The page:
Washington, DC — The U.S. Army Corps of Engineers commander who approved the controversial Halliburton contracts in Iraq is now going to work for a major private contractor seeking to expand its business with the government. The move casts further suspicion on the integrity of federal contract award decisions, according to Public Employees for Environmental Responsibility (PEER).
General Robert B. Flowers, who officially retired earlier this month, will head a new subsidiary of the HNTB Companies whose mission is to win big engineering contracts from the federal government. Flowers, a career Army officer with the Corps, personally approved a controversial series of no-bid contracts between the Pentagon and a subsidiary of Halliburton for a range of reconstruction work in Iraq.
Flowers becomes just the latest in a parade of Pentagon officials and Corps commanders who have left the government to work for the very companies whose eligibility for government contracts they formerly managed. The last five former top Corps commanders have joined consulting, engineering and transportation companies that depend on the Corps or other federal agencies for the bulk of their business.
At HNTB, Flowers will become the chief executive of a newly formed subsidiary that is to provide “federal sector clients a wide range of engineering and architecture services, including civil engineering, security planning, and military facility design,” according to the company’s press release. These services are precisely the type of work Flowers oversaw in his position at the Corps.
“Incest may be a crime against nature but is the sleazy norm for government contractors, lobbyists and former Corps commanders” stated PEER Executive Director Jeff Ruch, noting that the type of no-bid contract awarded Halliburton depended on precisely the type of insider contacts that Flowers is now seeking to exploit. “The Corps-contractor revolving door blurs the distinction between national service and servicing the nation at taxpayer expense.”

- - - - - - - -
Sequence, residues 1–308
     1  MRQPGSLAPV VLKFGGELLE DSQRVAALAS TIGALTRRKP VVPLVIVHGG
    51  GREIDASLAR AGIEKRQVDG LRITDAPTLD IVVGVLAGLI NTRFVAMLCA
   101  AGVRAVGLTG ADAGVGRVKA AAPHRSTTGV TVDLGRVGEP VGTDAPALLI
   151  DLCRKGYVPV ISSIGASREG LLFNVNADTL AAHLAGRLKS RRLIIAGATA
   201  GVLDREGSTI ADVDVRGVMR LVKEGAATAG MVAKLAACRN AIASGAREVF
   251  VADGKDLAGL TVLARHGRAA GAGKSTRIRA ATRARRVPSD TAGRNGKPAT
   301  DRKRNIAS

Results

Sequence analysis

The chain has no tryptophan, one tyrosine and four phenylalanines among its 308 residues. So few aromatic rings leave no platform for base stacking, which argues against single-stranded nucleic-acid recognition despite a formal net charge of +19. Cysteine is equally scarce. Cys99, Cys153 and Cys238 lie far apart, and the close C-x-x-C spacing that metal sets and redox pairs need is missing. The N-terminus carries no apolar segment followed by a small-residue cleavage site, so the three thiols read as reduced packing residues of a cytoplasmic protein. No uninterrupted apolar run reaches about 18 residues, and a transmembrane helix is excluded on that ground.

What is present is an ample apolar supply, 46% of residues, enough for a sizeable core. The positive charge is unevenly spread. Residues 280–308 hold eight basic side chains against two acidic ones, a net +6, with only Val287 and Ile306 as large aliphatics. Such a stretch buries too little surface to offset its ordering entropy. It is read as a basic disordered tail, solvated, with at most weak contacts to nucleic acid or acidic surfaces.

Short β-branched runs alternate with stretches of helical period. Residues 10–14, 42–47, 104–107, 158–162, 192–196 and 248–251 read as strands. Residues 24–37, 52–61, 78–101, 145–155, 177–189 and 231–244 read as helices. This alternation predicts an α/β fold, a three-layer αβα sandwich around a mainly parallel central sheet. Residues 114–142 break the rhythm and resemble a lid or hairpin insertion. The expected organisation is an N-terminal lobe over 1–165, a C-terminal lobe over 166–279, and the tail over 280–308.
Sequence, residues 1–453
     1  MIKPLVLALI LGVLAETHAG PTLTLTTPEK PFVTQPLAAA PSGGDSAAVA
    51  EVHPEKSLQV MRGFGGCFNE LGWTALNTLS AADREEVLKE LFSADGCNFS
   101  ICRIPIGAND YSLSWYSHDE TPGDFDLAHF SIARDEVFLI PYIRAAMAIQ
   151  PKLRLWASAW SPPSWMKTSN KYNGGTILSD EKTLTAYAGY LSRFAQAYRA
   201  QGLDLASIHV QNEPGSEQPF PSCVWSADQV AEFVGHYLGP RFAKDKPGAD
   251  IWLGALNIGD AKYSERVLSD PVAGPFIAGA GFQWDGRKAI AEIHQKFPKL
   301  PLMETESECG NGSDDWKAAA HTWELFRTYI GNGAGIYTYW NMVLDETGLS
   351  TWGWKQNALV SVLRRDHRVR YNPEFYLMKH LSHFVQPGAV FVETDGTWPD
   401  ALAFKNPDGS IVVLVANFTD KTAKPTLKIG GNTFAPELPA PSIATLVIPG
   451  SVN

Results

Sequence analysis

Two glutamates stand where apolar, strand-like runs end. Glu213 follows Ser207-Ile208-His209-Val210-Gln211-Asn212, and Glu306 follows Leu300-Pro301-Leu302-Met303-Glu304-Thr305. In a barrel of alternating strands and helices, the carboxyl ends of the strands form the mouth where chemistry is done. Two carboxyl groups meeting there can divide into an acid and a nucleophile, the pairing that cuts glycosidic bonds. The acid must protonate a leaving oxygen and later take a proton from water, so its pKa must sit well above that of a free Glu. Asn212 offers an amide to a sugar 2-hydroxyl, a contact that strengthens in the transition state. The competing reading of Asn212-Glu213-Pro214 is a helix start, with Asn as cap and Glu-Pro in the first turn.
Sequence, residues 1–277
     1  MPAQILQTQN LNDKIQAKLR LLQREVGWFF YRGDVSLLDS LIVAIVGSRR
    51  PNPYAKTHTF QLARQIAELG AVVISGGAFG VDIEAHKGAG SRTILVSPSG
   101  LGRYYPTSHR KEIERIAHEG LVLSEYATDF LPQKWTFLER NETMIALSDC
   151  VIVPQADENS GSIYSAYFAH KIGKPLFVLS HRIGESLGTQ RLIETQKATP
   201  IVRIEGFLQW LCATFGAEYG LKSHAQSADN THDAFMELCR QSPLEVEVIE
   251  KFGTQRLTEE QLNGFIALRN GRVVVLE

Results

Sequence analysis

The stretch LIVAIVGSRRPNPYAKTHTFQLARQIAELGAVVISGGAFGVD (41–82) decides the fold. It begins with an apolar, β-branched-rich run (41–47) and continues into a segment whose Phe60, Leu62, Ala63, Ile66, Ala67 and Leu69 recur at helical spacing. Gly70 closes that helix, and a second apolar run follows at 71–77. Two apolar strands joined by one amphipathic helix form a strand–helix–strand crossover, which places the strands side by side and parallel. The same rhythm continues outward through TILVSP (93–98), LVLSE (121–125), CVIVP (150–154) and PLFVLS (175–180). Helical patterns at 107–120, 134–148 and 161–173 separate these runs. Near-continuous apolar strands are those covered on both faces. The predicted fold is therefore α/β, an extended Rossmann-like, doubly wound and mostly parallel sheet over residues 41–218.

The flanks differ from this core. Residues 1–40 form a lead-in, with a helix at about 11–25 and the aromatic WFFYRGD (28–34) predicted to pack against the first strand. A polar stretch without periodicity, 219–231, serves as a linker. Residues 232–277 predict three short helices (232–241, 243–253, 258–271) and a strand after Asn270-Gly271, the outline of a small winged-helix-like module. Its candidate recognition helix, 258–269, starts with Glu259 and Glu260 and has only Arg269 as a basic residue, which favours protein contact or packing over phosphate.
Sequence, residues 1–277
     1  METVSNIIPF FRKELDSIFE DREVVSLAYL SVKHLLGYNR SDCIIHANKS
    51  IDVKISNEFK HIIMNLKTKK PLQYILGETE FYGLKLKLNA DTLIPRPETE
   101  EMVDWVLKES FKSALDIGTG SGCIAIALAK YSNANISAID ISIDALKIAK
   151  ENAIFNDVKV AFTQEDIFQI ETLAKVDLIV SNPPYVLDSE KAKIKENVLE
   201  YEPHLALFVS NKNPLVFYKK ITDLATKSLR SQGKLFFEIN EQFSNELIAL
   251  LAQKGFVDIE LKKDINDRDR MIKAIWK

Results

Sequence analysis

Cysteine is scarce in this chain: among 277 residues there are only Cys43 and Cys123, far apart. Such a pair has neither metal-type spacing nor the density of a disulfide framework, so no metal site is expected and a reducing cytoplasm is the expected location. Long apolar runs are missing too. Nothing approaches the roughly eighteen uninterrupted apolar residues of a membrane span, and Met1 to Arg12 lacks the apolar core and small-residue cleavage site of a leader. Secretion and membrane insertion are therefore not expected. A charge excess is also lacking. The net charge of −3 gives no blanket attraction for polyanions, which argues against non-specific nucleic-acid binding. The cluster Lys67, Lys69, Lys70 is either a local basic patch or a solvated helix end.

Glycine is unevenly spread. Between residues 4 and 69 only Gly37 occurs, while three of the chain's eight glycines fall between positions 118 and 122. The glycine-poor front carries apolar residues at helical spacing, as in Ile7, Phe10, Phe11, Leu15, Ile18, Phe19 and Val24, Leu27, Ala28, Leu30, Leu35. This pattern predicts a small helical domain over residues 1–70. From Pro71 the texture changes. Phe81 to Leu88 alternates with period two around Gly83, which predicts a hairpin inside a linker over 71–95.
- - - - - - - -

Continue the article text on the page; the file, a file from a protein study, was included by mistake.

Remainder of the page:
Under federal “revolving door” prohibitions, Flowers may not deal directly with Corps officials for a specified period on matters under his control when he was Chief of Engineers. At HNTB, Flowers “will develop the strategic plan” for getting large new government contracts.
Ironically, when Flowers was confirmed as Chief of Engineers in late 2000, he stated that he had come out of retirement to help out the scandal-plagued Corps at a critical time and once that work was done would return to retirement (“When I’m finished with (being) chief of engineers, I’m going fishing,” he stated in an interview). Instead Flowers will cash in on his service with a high-salaried position as a CEO.
See the HNTB press release announcing the hiring of Gen. Flowers
Look at the post government employment of the last five Chiefs of Engineers
See the Project on Government Oversight report on the revolving door in Pentagon contracting